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Using Gels to Change Background Color

Updated on February 23, 2016
LuisEGonzalez profile image

I enjoy photography and have been doing so professionally and independently for over 30 years.

Used by permission
Used by permission | Source | Source

For those that consistently shoot in a studio there is nothing more annoying that using the same background over and over again to the point where every single image looks the same. If you like doing portraits like I do, specially when doing cosplay or fantasy themes, there is an advantage to using different backdrops.

But this can get expensive and time consuming plus you need a large enough space to keep storing the canvas, paper rolls or even solid surfaces like a rustic looking wood fence.

If you count with a least on light source, with a flash being the better alternative, that you can dedicate to illuminate the backdrop and another one for the main subject then all you really need is some colored gels.

There are many similar materials that can be used in place of photographic gels like plastic paper protectors usually found in office supplies stores.

The drawback is that you need at least three at a time to get a strong enough color to show in the backdrop. It is always better to get original gels designed for photography. They are not that expensive and one gel insert is enough to get the desired tint to show in your images.

By using this simple technique you can literally shoot multiple scenes with each being different from the others just by simply changing to a new color each time and utilizing the same backdrop. | Source

One of the best sets is the Rogue Grid Gels Combo. It brings 20 colored gels and although meant to fit a dedicated flash, they can be adjusted to fit many other dedicated slave flash units. The price is rather modest at around $27.00 and you can really get creative with these.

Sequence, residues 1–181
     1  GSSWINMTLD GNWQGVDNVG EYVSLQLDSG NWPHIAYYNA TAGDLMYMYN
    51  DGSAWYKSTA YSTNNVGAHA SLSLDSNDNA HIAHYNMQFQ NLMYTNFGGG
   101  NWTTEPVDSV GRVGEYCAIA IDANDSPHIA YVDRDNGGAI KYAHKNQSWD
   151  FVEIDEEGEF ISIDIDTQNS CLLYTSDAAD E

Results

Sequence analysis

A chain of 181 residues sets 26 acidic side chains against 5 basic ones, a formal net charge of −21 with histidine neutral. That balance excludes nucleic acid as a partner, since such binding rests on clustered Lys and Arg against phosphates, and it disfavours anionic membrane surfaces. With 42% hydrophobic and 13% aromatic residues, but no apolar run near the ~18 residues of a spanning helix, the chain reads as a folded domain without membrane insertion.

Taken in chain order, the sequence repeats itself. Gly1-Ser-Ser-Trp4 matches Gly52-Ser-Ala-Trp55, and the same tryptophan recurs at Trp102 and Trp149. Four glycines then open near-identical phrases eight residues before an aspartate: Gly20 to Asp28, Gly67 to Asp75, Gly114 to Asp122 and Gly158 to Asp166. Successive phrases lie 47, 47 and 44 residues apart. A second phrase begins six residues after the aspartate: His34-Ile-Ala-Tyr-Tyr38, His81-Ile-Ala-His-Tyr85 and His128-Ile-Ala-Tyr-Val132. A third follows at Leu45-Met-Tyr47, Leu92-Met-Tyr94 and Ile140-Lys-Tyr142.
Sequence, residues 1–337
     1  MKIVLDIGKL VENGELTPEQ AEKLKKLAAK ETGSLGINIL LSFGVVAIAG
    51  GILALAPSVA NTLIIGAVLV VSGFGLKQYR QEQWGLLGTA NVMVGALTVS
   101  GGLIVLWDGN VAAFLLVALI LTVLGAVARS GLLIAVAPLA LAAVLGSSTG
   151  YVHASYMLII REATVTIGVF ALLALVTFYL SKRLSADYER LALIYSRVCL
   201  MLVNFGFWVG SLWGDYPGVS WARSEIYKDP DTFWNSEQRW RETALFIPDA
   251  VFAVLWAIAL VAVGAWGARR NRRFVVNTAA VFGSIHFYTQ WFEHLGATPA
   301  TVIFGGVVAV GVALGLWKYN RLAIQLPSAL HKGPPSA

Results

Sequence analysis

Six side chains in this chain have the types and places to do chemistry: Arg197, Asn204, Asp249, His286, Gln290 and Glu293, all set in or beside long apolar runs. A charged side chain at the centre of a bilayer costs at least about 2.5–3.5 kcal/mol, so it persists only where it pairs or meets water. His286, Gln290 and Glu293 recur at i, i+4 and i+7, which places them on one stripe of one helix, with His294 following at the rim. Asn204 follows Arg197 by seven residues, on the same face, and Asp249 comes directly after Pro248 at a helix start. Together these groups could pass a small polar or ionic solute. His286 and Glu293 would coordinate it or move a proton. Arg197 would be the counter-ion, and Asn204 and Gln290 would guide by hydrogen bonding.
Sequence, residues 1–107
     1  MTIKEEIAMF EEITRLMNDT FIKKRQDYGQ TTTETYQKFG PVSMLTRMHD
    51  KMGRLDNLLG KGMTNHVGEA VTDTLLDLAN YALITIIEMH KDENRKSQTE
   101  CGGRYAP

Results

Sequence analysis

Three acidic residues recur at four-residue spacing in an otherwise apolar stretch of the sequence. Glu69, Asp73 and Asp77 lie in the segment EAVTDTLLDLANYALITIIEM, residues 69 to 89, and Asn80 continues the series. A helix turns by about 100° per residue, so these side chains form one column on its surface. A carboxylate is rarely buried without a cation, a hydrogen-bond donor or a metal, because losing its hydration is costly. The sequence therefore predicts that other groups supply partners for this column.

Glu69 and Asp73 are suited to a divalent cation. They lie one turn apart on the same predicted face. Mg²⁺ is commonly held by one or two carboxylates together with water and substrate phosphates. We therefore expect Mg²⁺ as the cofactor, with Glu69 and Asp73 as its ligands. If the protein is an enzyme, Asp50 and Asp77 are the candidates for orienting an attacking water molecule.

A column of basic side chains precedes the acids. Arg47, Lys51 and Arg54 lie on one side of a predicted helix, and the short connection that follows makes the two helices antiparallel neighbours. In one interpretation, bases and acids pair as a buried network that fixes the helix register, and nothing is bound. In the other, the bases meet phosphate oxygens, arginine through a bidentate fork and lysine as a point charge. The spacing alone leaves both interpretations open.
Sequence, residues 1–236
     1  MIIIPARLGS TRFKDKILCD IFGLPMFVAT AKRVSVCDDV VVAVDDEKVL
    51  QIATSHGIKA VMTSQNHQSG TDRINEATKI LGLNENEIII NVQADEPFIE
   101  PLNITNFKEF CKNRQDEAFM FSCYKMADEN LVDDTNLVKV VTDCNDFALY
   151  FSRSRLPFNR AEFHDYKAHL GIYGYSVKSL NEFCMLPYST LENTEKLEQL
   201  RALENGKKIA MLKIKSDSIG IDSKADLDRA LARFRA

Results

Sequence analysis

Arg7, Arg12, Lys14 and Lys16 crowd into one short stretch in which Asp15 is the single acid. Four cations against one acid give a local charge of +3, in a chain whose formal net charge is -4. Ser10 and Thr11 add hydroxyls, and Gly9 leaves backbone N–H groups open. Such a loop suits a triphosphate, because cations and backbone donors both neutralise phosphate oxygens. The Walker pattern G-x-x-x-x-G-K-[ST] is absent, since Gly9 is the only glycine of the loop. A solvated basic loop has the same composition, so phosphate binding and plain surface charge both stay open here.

Not only can you shed a different color onto a background each time but you can also use them to illuminate your main subject too. Keep in mind that if using the gel insert to also shed light unto the model you should also adjust the color balance on your camera to compensate.

The best starting backdrop is usually a plain white surface since white will "acquire" a different color better than most any other tone. A simple white sheet, white roll paper, a painter's muslim tarp or a white painted wall should suffice for most uses.

One thing to keep in mind when working with colored gels is to separate your models from the background. About 5 to 6 feet is more than enough.

The light holding the gel insert should also be low to the ground, away from view as well as close to the background. 2 to 3 feet is fine. Keep in mind that the closer this light is to the backdrop the stronger the color but the smaller the spread.

To illuminate the model a separate light should be aimed at close range to the model. If you separate it too much from the model you run the risk of "washing" or diluting the color reflected on the backdrop.

A photographic snoot works quite well for this purpose and the best things is that many can be DIY projects at little or no cost in many cases. I use a Solo cup which I have painted with black paint on the outside while leaving its interior white. | Source

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For a much more striking effect you can add fog with the aid of an artificial fog machine. They are not really that expensive if you want to own your own, you can rent them or even use dry ice.

The "fog" will hold the color hue better that will a plain white backdrop and it also adds a sense of mystery, intrigue and interest to any shot. You can even use them outdoors since you will not have to depend so much on a plain solid backdrop. Instead the fog will serve as the background and will reflect the colored light as well as a solid surface would.

CC0 Public Domain
CC0 Public Domain | Source

© 2015 Luis E Gonzalez


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